Our job, our profession, the work we do, whether we work for a small or big corporation, or if we are self-employed, we carry our job titles with us to give ourselves an identity. We all know and have used the conversation starter—so what do you do? Which implies, how do you earn a living? How do you pay your bills? How much money do you make? Are you any different than me? And all the other comparative analysis questions that are hidden in just one question, what do you do?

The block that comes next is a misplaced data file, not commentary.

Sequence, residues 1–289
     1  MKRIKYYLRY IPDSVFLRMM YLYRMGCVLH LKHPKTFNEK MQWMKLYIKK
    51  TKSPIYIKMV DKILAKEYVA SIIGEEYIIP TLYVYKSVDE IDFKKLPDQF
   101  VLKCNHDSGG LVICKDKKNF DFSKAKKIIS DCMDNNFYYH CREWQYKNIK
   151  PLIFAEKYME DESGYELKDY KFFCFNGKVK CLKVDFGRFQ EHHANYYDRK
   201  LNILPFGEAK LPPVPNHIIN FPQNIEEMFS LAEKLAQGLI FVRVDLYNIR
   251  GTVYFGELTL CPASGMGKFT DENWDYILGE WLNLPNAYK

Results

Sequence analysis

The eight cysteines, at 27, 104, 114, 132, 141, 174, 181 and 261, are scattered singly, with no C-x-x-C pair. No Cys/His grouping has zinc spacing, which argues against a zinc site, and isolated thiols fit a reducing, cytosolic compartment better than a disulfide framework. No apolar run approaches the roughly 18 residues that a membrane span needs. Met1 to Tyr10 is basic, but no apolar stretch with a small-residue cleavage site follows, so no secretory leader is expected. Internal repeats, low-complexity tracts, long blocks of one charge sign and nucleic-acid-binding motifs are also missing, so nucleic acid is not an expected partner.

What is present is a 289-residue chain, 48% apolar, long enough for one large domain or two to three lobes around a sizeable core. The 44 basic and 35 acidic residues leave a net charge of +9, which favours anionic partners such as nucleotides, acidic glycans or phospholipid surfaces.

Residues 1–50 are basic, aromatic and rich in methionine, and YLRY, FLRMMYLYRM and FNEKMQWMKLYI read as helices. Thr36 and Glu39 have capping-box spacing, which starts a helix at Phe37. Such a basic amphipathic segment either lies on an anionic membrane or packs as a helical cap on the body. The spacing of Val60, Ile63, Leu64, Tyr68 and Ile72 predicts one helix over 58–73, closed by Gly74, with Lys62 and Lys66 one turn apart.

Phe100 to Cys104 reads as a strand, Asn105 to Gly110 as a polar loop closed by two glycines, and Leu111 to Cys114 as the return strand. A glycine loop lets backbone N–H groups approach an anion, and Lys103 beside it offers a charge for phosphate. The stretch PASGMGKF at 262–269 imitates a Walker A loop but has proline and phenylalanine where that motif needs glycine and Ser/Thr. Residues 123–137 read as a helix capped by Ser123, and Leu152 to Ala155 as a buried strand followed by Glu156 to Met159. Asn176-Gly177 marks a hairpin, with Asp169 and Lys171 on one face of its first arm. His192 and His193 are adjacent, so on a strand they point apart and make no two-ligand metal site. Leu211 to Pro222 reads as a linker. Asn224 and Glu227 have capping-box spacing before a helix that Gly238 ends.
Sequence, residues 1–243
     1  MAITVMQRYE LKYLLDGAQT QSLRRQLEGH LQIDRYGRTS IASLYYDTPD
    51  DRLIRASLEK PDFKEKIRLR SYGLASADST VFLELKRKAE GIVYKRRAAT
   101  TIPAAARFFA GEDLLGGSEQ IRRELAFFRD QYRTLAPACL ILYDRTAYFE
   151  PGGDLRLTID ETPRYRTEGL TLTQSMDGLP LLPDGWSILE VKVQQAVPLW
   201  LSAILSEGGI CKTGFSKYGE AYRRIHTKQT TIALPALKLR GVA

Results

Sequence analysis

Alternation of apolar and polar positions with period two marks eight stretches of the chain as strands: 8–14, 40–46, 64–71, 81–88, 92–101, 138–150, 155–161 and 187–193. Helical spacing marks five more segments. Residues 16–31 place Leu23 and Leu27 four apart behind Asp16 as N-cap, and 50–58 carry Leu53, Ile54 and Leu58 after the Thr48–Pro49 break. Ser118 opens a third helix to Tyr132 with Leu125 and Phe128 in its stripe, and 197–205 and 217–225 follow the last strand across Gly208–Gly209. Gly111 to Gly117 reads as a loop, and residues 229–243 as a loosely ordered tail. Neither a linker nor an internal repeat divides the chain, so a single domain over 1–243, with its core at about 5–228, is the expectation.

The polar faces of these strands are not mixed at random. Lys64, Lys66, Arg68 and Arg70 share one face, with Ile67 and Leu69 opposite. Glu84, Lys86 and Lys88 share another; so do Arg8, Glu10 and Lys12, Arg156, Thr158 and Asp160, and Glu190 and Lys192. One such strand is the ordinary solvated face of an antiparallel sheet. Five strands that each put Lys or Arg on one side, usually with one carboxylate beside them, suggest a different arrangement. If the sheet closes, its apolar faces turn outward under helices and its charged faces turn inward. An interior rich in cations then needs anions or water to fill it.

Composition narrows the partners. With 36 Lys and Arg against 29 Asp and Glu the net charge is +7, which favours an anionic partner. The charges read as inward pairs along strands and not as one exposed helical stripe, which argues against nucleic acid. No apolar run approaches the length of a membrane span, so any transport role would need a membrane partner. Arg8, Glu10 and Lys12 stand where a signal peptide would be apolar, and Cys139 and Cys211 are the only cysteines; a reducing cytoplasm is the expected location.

Try going to work for a day without a label. I am the owner, I am an IT engineer, I am the marketing director, I am the CEO, CFO, COO or whatever label you carry to describe to the world who you are. Instead, if you rewire your brain to think that I am here for service, to create excellence in my life, so I can help others excel; you start creating success in every action— every day—in everything you do. This is a tough transformation to create since our professional domains have been conditioned with years of “I am…” but once you transition into working independent of the professional labels, you become an open-heart and open-mind that creates excellence in his or her life and for everyone else around them.